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AMD's Small Factor

Move over, Mac Mini. AMD today announced plans for a new motherboard form factor that will make PCs smaller, quieter and more desktop friendly. The DTX standard is built on ATX, the most common of PC hardware factors, but has a much smaller footprint.

ATX, or Advanced Technology Extended, is the creation of arch-rival Intel . It's been in use since 1995, when it replaced the AT form factor. ATX motherboards measure 12 inches by 9.6 inches, while two attempts at smaller form factors, Mini ATX and microATX, measure 11.2 inches by 8.2 inches and 9.6 inches by 9.6 inches, respectively.

DTX will measure 200 mm by 244mm, or 7.8 inches by 9.4 inches. It's designed to use 65-watt central processors and 25-watt graphics processors, which will reduce the heat output and, thus, reduce the need for cooling.

A desktop system based on this technology will only give off 20 decibels of sound, according to Daryl Sartain, director of platform initiatives for AMD . A typical desktop PC can reach 50 to 60 decibels, depending on the fans.

AMD expects to see OEM announcements this summer, with products shipping, if not in time for back to school, then definitely for Christmas, according to Sartain. That coincides perfectly with AMD's move to 65nm manufacturing, according to Tony Massimini, director of technology at Semico Research.

"The significant thing here is that the timing of when [product] would hit the market matches up with AMD's own 65nm product. With 65nm, they would presumably be able to go to lower voltages and reduce power consumption that way," he told internetnews.com.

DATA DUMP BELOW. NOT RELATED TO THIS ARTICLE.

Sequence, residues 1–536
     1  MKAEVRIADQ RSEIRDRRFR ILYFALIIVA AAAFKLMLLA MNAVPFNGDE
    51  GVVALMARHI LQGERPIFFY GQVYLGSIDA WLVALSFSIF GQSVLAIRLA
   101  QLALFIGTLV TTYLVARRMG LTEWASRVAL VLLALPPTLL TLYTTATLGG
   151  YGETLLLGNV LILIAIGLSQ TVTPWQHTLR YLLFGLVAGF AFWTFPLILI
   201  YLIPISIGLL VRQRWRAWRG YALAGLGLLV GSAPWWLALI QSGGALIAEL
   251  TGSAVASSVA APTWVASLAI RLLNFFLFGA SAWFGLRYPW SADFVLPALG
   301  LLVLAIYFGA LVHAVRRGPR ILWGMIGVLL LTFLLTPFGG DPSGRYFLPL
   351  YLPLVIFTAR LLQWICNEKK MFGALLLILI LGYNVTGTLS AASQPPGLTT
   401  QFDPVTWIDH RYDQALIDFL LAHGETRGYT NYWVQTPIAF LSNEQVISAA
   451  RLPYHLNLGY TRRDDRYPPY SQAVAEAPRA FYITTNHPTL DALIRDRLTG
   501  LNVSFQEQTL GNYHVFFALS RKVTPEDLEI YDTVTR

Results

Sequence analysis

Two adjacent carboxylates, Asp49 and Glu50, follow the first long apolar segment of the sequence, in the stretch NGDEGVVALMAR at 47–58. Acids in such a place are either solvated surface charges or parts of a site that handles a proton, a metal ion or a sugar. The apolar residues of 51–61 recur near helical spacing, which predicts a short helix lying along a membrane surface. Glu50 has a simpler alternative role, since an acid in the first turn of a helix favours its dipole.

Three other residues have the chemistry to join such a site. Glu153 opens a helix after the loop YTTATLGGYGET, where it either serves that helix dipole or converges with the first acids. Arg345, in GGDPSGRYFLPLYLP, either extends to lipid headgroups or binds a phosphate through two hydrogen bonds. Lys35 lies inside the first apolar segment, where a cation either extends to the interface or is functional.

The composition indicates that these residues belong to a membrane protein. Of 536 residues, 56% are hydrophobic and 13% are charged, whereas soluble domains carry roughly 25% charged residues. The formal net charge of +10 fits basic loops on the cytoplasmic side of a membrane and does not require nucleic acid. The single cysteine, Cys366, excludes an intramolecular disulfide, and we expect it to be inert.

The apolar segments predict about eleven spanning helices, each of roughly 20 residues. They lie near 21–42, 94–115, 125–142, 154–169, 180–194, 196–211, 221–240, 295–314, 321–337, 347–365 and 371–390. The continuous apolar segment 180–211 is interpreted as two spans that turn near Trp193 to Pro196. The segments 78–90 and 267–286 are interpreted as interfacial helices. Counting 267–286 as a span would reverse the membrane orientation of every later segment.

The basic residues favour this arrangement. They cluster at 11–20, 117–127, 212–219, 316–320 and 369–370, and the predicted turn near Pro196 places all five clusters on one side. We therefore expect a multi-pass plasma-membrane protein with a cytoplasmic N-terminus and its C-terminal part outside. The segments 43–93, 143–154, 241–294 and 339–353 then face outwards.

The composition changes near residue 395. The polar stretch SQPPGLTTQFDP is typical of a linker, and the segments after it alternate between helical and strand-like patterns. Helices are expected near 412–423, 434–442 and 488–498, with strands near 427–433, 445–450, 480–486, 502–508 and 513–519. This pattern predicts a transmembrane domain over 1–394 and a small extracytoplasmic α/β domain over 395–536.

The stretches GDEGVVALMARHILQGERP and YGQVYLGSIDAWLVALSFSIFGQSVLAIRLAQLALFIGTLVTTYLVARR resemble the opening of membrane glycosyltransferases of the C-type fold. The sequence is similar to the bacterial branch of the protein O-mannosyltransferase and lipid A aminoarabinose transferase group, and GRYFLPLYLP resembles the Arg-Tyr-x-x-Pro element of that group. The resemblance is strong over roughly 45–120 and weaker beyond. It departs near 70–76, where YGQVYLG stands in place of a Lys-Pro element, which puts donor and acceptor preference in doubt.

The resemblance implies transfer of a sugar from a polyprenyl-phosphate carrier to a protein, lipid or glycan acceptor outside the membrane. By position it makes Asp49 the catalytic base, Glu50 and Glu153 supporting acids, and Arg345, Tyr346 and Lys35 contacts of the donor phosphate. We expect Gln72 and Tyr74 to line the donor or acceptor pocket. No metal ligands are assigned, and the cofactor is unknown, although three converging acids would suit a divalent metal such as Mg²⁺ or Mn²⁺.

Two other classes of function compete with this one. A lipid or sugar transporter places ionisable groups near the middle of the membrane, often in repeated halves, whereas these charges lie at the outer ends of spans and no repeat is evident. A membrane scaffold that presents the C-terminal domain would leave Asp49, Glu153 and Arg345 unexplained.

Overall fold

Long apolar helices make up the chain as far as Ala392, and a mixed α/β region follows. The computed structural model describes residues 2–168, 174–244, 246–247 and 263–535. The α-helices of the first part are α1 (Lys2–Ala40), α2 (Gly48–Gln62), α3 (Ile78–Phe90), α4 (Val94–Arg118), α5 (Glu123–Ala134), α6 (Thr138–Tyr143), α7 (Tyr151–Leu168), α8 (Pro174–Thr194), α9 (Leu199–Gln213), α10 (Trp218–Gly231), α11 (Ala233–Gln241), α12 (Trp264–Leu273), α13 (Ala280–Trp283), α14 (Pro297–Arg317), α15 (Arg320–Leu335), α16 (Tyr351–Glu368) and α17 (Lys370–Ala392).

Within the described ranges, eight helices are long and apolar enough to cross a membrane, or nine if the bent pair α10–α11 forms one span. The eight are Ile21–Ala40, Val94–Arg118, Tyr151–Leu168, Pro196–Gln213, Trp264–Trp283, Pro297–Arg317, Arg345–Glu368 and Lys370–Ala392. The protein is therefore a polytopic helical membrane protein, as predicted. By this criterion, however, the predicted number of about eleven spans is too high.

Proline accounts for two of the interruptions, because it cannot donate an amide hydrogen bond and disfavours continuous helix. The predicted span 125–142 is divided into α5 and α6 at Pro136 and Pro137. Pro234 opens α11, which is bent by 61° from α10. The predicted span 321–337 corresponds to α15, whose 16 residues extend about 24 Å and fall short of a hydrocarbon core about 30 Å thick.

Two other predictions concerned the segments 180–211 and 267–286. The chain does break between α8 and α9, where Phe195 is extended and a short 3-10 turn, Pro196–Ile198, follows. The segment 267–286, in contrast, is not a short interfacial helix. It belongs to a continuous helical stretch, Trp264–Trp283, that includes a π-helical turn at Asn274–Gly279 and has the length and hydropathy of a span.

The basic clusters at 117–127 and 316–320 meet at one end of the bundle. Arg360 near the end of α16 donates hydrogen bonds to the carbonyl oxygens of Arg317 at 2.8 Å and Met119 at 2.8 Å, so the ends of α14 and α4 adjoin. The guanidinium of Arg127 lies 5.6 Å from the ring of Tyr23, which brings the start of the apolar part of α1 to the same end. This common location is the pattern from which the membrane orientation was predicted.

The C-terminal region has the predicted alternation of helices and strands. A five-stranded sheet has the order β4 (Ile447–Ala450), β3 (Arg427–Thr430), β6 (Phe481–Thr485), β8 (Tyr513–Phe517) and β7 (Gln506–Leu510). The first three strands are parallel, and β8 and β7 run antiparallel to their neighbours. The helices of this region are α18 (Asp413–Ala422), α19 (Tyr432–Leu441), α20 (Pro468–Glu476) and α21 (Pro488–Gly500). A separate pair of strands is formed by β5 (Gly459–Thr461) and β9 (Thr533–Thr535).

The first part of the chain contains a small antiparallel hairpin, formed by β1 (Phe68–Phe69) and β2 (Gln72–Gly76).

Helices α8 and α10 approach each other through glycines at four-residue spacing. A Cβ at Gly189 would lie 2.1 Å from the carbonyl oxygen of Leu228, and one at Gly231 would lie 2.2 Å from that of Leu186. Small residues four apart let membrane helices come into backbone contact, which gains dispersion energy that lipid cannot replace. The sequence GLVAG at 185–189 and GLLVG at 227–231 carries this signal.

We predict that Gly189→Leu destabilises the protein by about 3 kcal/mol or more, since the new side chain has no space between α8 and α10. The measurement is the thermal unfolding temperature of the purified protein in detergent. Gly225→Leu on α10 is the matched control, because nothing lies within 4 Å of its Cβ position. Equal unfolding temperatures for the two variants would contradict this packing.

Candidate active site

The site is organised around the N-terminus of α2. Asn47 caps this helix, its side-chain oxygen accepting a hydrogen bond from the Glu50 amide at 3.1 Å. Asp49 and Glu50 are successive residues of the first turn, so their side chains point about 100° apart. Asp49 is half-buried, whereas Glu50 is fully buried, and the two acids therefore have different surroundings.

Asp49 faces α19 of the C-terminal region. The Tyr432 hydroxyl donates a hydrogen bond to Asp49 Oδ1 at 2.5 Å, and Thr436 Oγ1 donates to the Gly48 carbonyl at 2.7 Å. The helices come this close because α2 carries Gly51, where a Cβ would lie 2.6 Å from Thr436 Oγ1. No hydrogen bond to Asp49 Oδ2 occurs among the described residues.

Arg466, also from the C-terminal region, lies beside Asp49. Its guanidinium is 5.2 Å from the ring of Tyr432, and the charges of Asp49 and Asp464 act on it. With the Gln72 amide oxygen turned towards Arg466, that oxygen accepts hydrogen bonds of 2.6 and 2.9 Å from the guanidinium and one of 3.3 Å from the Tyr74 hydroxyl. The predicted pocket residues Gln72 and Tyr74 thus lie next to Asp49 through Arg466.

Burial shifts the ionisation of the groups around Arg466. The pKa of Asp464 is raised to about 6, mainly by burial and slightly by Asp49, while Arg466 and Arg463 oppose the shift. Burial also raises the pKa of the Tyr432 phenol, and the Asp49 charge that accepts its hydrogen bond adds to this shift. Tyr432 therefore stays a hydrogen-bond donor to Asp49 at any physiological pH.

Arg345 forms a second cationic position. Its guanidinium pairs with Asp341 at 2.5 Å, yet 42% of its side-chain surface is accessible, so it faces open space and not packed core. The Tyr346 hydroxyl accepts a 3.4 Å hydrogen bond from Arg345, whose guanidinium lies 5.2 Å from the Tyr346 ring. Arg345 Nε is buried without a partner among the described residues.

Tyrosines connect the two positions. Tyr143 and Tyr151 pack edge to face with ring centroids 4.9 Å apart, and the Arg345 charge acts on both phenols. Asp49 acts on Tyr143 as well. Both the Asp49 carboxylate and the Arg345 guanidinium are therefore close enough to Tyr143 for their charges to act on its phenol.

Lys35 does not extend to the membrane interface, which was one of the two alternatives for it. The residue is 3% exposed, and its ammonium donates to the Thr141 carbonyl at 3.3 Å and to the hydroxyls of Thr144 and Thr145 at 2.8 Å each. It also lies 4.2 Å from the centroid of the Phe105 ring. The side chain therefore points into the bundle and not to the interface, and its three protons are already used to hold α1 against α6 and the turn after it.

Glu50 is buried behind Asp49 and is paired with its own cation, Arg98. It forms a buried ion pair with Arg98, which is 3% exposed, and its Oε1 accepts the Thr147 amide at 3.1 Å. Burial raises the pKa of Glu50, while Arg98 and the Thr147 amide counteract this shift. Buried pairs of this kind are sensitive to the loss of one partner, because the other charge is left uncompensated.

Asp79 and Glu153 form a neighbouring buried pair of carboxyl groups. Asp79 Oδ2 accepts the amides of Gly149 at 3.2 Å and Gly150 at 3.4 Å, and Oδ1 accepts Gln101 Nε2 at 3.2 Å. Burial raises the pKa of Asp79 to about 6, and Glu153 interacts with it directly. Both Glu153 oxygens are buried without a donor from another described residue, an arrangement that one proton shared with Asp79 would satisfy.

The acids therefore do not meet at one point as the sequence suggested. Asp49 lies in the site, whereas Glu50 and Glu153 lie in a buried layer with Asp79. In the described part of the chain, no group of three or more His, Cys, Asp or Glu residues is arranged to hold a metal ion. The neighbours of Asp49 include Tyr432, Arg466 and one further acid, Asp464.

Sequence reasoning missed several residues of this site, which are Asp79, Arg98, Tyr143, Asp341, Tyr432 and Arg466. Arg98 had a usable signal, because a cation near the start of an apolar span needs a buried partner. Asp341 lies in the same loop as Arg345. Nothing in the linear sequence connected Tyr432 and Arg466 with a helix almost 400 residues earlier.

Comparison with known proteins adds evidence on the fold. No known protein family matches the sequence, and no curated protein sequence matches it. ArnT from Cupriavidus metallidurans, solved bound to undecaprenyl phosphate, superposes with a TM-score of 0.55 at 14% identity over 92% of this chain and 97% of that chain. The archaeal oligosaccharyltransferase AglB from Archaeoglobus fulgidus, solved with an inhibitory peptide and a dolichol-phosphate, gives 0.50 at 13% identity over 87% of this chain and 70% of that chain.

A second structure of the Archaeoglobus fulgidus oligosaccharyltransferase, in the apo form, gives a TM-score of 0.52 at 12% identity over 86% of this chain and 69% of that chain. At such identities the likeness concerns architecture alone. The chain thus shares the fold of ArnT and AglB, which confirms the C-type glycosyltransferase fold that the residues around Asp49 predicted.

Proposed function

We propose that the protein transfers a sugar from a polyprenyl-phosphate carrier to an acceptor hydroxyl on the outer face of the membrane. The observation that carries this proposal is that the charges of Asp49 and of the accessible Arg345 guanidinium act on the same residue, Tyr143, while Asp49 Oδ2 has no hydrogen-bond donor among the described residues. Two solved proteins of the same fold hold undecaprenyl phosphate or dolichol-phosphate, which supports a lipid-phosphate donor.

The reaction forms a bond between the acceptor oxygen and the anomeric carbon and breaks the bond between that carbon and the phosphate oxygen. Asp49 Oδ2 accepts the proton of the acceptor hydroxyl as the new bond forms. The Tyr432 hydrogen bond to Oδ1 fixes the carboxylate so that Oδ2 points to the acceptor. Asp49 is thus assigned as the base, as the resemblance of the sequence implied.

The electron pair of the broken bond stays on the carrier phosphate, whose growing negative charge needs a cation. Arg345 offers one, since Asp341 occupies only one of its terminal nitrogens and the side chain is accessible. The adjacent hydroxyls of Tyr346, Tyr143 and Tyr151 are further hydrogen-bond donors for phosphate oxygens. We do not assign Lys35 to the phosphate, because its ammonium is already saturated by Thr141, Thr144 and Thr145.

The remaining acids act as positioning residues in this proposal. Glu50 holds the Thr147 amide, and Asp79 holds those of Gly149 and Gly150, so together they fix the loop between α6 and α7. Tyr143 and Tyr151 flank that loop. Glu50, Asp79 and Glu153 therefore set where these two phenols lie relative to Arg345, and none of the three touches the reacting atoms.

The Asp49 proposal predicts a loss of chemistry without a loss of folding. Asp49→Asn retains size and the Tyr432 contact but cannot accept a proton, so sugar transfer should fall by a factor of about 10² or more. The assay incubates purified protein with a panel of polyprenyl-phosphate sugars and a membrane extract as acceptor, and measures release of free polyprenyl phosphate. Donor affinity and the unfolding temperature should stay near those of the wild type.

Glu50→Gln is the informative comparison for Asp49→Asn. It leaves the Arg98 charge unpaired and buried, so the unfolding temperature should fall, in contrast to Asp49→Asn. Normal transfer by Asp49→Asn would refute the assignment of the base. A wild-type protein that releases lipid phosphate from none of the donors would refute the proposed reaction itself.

And reducing power consumption is a big issue these days. "In the corporate world, more and more attention is being paid to power consumption and what it does to the electric bill -- not just cooling the PC but cooling the offices, too," said Massimini. "All those PCs in an office give off a lot of heat."

There are numerous very small form factor PCs on the market now, sold under the brand names of foreign computer manufacturers like AOpen, but those are usually proprietary efforts by each vendor.

DTX is an attempt to create a standard form factor for all OEMs. "What's occurring today and what we're seeing from our customer base is there's a big demand for small form factors but there are very few people able to supply to that. Those that are are doing it with proprietary, closed designs," said Sartain.

While meant to be smaller than existing designs, DTX motherboards will still fit into a standard ATX case and use the same back plane, said Sartain. It's not meant as a replacement for ATX, he added.

Massimini thinks a move toward a more standard size for mini PCs will help in terms of commodity pricing. "In the desktop market, the margins are really tight," he said. "If you have a whole lot of companies that can count on a standard size board, that will lower pricing."



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